California condor. Photo by Mike's Birds, Flickr Creative Commons
California condor. Photo by Mike’s Birds, Flickr Creative Commons
After disappearing from the Pacific Northwest over a century ago, wild California condors may once again find ample nesting, breeding, and foraging habitat in the redwood range. These large, dark birds once lived throughout much of the United States before experiencing a dramatic population decline and reaching near extinction in 1987. Over the last 30 years, captive breeding and reintroduction efforts put this species on a path toward recovery, and new plans to bring the California condor back to Redwood National Park will greatly improve its chance for survival.

The California condor may not be the prettiest bird in the sky, but it is certainly one of the biggest! The wingspan of one of these new world vultures can reach over nine feet. These bald scavengers also serve an important role. By foraging for deceased animals and feeding on the carrion, California condors clean the area around them and help break down and return nutrients to the earth.

When the first homesteaders made it out west, people hunted condors and collected their eggs. Their food supply was also reduced as the homesteaders hunted elk, antelope, and other large animals, leaving fewer carcasses for the condors to feed on. More recently, California condors faced a decline in population numbers due to electrocution from high voltage power lines, habitat loss, and poisoning from lead and DDT (an insecticide), among other causes.

In April of 1987, the last wild California condors were captured with the eventual goal of releasing captive-bred birds into the wild to rebuild their natural population. Since the 1980s, captive breeding programs have successfully increased the number of birds from less than two dozen to over 400. Reintroduction efforts to date have been successful, allowing the number of wild birds to soar to 250.

The National Parks Service, Yurok Tribe, and the U.S. Fish and Wildlife Service, along with other partners and supporters, are working to reintroduce California condors from these captive breeding programs into Redwood National Park. Planning and fundraising for the California condor reintroduction in the redwoods began in 2016. After opening the plan up for public comment this month, the public will have 30 days to provide feedback (external link). Then, if the reintroduction is approved, an “experimental population” of condors would be released in the park. The plan also calls for a release facility and monitoring program to be set up in Redwood National Park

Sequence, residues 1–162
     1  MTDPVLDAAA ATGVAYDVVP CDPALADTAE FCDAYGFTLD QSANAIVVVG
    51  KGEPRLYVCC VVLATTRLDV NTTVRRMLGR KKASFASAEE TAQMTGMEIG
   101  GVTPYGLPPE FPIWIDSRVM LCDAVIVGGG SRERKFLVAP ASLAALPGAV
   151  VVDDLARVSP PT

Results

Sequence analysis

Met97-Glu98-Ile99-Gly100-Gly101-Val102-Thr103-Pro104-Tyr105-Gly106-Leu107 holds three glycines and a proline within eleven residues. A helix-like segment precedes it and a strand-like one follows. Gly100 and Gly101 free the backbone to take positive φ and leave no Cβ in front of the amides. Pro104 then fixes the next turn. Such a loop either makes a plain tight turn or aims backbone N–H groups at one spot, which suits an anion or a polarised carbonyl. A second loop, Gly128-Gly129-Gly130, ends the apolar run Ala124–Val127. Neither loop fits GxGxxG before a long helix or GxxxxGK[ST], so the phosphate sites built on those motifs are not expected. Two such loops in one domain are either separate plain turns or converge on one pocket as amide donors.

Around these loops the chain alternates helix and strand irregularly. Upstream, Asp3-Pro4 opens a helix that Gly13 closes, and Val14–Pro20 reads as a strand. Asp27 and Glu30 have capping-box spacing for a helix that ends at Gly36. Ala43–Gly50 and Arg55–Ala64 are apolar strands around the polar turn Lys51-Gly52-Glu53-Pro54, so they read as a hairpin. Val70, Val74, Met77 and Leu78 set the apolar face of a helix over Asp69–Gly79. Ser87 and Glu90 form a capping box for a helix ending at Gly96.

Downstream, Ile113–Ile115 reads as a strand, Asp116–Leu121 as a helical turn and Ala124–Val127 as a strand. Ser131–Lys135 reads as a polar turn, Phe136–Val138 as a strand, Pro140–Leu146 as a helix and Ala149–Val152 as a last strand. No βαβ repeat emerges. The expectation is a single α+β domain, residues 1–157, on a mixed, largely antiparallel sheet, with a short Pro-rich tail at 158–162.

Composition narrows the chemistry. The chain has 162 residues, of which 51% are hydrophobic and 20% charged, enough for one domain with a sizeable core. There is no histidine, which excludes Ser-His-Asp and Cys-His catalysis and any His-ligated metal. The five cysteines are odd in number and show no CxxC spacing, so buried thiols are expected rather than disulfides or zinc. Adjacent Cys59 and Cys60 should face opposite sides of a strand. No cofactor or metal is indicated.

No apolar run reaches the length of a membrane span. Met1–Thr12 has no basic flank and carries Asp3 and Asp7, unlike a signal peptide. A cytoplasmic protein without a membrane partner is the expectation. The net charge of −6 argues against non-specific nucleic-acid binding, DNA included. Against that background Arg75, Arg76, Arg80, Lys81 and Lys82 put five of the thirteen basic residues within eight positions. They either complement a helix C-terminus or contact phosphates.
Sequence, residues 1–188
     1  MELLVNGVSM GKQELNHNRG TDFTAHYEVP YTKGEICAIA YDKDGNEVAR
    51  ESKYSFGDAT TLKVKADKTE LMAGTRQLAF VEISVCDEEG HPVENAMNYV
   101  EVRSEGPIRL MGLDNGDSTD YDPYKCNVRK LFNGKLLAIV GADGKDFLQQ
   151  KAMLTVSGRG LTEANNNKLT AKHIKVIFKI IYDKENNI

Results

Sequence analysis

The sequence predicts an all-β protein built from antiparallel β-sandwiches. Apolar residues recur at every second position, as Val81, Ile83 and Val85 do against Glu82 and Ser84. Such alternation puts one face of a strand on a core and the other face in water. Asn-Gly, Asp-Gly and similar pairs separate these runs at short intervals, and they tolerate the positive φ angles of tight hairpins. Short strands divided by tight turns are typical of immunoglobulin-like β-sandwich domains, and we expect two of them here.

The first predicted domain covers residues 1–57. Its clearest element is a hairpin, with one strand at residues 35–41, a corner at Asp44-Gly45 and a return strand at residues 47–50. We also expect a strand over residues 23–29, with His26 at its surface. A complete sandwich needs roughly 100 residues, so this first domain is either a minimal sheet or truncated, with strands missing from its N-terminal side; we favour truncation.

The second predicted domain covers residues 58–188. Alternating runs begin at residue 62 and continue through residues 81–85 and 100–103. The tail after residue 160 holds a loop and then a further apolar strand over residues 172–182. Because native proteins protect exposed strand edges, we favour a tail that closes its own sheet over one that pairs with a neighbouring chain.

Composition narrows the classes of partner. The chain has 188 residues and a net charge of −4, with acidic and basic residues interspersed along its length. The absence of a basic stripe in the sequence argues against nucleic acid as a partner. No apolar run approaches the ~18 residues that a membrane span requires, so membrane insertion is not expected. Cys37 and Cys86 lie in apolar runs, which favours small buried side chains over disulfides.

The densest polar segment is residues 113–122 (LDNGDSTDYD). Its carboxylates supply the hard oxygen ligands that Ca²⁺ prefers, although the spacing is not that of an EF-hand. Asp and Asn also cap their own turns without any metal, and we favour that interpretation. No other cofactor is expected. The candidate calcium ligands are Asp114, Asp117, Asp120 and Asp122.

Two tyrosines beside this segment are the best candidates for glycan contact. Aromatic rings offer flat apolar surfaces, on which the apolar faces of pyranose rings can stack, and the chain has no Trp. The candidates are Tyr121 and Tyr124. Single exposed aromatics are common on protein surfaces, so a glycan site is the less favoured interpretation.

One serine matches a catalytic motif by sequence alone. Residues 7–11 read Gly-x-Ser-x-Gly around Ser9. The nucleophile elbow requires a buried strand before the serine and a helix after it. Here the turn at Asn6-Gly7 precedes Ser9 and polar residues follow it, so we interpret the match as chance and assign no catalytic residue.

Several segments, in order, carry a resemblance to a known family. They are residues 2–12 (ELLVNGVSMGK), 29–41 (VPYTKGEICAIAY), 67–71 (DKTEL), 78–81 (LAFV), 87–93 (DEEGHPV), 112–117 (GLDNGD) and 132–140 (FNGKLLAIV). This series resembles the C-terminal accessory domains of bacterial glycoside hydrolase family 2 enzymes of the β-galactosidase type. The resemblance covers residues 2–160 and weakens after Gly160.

The condor is a sacred bird to the Yurok tribe, and they have “been working diligently to make the condor reintroduction a reality and [they] are very close to completing [their] goal of seeing prey-go-neesh [California condor] fly over Yurok skies” says Chairman O’Rourke.

The Yurok tribe identified that the redwood coast contains enough suitable habitat to make reintroduction viable. Hopefully, with the addition of this new redwood reintroduction site, the numbers of wild California condors can climb as high as redwoods themselves.

Learn more about what’s happening with the California condor reintroduction in Redwood National Park and how you can get involved. (external link)


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About Sonia Morris

Sonia spent her summers in college interning for the League before joining as Conservation Programs Assistant in 2016. She brings with her an extensive knowledge of the fish and invertebrates of the Bay Area.


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